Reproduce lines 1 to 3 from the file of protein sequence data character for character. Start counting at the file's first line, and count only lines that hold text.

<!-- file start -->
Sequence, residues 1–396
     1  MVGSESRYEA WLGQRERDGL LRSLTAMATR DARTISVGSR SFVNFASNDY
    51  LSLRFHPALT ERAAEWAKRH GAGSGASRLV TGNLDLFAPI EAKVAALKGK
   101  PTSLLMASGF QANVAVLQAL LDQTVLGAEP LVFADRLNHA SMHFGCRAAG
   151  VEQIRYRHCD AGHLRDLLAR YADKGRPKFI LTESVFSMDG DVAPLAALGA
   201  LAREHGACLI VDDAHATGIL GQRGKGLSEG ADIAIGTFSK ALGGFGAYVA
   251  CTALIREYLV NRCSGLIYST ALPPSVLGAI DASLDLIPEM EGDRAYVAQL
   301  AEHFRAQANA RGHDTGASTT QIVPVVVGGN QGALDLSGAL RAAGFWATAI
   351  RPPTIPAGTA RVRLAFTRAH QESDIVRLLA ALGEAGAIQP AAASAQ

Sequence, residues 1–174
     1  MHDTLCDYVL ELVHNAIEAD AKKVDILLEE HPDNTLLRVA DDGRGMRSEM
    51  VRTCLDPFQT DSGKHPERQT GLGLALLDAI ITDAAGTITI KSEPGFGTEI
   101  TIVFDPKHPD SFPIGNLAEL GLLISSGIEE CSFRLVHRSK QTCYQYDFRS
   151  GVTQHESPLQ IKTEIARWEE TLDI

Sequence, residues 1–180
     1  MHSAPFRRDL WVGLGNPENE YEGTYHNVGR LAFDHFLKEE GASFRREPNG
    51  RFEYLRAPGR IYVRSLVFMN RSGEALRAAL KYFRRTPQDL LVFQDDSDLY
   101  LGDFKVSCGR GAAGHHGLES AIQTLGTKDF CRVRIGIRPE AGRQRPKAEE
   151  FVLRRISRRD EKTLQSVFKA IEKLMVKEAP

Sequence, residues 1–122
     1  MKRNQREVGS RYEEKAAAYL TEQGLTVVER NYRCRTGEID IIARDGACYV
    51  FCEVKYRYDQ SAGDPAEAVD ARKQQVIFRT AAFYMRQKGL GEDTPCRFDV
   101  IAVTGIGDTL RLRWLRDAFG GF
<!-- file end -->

Sequence, residues 1–396
     1  MVGSESRYEA WLGQRERDGL LRSLTAMATR DARTISVGSR SFVNFASNDY
    51  LSLRFHPALT ERAAEWAKRH GAGSGASRLV TGNLDLFAPI EAKVAALKGK